New mental health program for Valley officers
Drowning, crashes, and crimes are traumatic experiences that often involve law enforcement.
Officers are constantly working to help others, but are not getting help for themselves.
"Officers are dying by suicide on a large, I guess on a large scale," Regional Director of Texas Law Enforcement Peer Network Michael Mata said.
Texas Law Enforcement Peer Network group launched their services in April, since then, they've worked to prevent suicides among officers.
"There's a stigma associated with them receiving that mental health intervention," Alton police Chief Jonathan Flores said.
According to Flores, one of those stigma is job loss. Flores says officers fear they will appear unfit for the job if they look for help with mental health.
"It's our responsibility not to only educate ourselves, but to educate our community that our officers are providing a service to them," Flores said. "And it's OK that they seek help if and when they do need it."
At times, it can be hard for officers to find the right person to talk to.
"They see things on a daily basis that the average citizen does not see," Flores said. "They experience trauma on a daily basis."
According to a report from Bluehelp.org, there have been 94 officers and 112 total first responders who have committed suicide since Januray of this year, and that is not including some that may have not been reported.
"People that are not in law enforcement don't know what to say to an officer or how to respond to different things," Mata said.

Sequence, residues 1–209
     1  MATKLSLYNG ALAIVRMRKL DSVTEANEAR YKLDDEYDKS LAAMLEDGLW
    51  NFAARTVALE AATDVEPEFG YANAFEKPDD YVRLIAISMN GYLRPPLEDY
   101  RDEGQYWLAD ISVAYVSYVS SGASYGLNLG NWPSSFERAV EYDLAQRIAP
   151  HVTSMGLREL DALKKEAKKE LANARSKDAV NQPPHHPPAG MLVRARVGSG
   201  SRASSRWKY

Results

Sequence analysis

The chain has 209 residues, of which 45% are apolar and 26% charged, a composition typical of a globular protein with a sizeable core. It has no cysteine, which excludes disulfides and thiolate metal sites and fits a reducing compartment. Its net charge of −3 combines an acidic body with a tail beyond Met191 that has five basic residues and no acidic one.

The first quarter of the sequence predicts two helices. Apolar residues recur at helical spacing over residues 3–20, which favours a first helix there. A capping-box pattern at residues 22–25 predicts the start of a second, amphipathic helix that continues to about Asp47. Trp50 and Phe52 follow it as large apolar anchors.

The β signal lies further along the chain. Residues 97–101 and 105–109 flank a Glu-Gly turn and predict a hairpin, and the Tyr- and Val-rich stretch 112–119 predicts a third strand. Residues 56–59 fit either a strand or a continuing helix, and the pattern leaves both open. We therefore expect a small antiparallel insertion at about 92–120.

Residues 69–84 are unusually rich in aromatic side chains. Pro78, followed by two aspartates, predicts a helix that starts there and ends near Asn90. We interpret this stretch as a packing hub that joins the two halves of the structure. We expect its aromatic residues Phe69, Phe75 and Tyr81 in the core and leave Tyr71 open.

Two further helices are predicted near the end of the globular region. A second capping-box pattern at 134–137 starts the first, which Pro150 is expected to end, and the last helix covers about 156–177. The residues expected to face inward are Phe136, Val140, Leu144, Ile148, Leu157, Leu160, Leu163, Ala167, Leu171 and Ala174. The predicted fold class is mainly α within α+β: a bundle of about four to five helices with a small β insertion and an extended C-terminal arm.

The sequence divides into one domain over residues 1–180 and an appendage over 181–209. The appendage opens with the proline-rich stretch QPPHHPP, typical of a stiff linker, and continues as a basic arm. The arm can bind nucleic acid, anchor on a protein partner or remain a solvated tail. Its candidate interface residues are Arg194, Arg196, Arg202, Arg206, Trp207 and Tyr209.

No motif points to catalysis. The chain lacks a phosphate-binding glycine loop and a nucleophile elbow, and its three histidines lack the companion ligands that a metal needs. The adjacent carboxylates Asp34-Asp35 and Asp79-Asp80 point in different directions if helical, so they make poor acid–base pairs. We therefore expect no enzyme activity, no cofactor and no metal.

Texas Law Enforcement Peer Network program helps first responders get help.
"It allows officers to make contact with officers that are in network through a mobile app and are able to talk more when they need to talk to somebody, whatever hour they need to get a hold of them," Mata said.
The officer-to-officer connection is just one thing the program offers.
Mental health professionals who know how to deal with the issues officers see are also on hand.
"Because I am a separate entity from, you know, the police department that they work for, there is no cross of information," Director of New Dawn Counseling Services Dr. Elizabeth Chavez-Palacios said. "There is that privacy, there is that confidentiality that exists."
Chavez-Palacios says there is a pattern she sees within officers in the Valley.
"Within the Hispanic culture, I do see a lot of nuances here as well with regards to the machismo, and you know I just got to suck it up you know, I do what I got to do," Chavez-Palcaios said. "So we have to understand that as law enforcement first responders, we got to take care of ourselves as well."
"The number one tip I can give them is talk to each other, no one understands better what you all are going through than each other," Nueva Luz Foundation Dr. Norma Villanueva said.
"We see the statistics around the state, showing that there is an issue here," Flores said. "I urge all agency administrators to do their part to take care of the men and women that take care of our community."
Texas Law Enforcement Peer Network is also working to expand the program to include firefighters in the future.